WildCity: A Guide to Nature In Urban Ontario, From Termites to Coyotes by Doug Bennet and Tim Tiner (McClelland & Stewart), 344 pages, $24.99 paper. Rating: NNNN Rating: NNNN
Anthropologists say that children in cultures more in harmony with the earth than our auto-crazed society can identify every species of wildlife within 100 miles of their homes. Given our environmental illiteracy, WildCity would be an excellent tool to raise educational standards in Ontario to such tribal levels. Even the most veteran amateur naturalist of our urban wilds will discover something new here.
Consider what Tim Tiner and Doug Bennet reveal about one keystone species of our Carolinian biome, the white-tailed deer. Native people who once lived in Toronto modified their habitats to increase their abundance, to the point of constructing enclosures.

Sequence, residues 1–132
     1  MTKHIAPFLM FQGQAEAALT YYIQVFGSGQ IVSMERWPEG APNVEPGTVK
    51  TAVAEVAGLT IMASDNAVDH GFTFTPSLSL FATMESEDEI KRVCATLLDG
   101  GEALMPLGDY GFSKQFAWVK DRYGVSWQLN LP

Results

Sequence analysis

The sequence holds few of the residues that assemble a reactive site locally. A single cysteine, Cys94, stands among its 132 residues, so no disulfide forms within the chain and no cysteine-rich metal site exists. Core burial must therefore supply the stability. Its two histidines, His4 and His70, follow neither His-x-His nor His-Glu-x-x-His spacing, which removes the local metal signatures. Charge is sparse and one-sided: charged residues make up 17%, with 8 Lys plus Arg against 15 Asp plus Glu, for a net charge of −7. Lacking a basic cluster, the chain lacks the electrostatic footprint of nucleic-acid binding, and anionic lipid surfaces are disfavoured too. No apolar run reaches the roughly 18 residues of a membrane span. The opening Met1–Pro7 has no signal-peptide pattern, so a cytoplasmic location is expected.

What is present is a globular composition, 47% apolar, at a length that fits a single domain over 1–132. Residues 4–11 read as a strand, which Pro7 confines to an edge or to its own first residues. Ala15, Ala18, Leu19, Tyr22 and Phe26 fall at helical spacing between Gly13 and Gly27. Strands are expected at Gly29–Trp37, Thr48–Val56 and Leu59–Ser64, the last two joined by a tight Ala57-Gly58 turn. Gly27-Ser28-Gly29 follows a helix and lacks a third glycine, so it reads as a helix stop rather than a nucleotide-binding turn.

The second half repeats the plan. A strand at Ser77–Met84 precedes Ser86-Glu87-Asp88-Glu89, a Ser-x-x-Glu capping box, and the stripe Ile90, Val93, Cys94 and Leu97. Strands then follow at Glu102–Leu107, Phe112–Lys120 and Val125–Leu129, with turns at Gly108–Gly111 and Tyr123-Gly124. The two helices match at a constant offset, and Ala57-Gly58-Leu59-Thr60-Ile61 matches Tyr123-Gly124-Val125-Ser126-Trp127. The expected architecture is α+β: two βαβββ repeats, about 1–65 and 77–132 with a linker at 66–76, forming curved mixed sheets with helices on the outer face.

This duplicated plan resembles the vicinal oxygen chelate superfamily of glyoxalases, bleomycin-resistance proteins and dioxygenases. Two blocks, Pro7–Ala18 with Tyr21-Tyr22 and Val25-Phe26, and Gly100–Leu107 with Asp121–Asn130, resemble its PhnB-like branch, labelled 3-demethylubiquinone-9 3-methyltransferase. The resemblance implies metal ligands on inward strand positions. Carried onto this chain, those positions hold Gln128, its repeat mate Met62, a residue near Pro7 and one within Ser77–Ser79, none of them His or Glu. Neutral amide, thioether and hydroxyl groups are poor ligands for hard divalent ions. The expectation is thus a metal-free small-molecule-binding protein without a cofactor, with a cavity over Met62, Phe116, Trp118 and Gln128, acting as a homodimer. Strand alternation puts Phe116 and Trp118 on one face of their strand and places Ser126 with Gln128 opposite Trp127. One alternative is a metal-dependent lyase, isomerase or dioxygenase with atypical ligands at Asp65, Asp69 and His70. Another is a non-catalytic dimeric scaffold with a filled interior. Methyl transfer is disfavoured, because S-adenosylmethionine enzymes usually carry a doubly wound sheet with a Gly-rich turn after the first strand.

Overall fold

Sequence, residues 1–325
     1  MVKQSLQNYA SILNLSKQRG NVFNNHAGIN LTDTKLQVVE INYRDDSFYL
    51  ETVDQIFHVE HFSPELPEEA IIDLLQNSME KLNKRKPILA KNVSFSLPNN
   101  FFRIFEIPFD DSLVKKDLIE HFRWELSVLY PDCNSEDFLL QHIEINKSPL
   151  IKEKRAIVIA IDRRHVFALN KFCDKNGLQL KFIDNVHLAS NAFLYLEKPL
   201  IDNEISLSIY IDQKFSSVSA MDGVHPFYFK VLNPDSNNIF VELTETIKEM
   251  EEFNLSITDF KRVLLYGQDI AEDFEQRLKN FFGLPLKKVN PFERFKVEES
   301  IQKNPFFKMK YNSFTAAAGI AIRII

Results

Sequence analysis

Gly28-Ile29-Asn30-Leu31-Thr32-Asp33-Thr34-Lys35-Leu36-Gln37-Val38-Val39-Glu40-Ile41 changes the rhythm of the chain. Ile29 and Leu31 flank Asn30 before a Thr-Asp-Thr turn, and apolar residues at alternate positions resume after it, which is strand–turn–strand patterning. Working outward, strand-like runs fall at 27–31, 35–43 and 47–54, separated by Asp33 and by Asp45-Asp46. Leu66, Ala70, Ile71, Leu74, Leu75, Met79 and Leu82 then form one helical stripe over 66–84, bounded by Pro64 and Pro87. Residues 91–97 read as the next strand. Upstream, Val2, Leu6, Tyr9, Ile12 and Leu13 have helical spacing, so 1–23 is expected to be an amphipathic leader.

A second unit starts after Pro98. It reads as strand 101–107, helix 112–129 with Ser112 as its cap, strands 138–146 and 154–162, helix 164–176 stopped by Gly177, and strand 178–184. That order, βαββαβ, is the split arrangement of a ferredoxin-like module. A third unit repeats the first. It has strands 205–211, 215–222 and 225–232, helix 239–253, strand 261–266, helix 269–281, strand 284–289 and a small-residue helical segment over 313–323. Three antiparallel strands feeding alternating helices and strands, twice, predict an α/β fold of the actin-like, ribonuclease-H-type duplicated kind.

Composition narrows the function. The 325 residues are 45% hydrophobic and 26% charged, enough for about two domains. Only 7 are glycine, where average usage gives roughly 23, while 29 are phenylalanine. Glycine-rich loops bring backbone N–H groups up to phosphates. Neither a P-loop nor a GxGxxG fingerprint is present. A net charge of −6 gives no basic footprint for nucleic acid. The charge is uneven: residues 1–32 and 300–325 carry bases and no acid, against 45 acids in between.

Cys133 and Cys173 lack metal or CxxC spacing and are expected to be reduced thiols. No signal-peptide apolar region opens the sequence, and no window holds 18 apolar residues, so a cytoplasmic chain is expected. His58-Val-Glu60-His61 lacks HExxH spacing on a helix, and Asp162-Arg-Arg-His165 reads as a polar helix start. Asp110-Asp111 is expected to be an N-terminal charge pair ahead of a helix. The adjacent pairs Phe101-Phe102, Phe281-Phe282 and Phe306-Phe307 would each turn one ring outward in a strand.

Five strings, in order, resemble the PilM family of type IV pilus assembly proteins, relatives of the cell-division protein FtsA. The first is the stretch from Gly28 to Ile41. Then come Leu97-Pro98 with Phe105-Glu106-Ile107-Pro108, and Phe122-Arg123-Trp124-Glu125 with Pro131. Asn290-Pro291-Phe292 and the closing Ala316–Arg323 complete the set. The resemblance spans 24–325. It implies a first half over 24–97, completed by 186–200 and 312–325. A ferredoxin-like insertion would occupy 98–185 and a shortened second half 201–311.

I also learned a new explanation for why Iroquois chiefs are symbolically crowned with deer antlers. Antlers are viewed as super-sensitive, and chiefs need to be very aware of their surroundings.
And I discovered how to distinguish healthy forests, rich in spring ephemerals such as trout lilies and trilliums, from degraded habitats choked with dog-strangling vine and garlic mustard.
Celebrating the wonders of urban habitats, WildCity cites a multitude of glories. For instance, it tracks the story of the Canada geese that dominate our waterfront after verging on collapse in 1920s Ontario, the street patrols that rescue birds that have crashed into our skyscrapers and the Solomon's seal wildflower that survives in most urban forests.
WildCity's cover photo, showing a peregrine falcon in downtown Toronto, sends a great message about the need to revere our urban wildlands. It's taken from the Web site of the Canadian Peregrine Foundation, a charity that monitors falcons with a variety of high-tech devices, 24-hour video surveillance and 50 volunteers.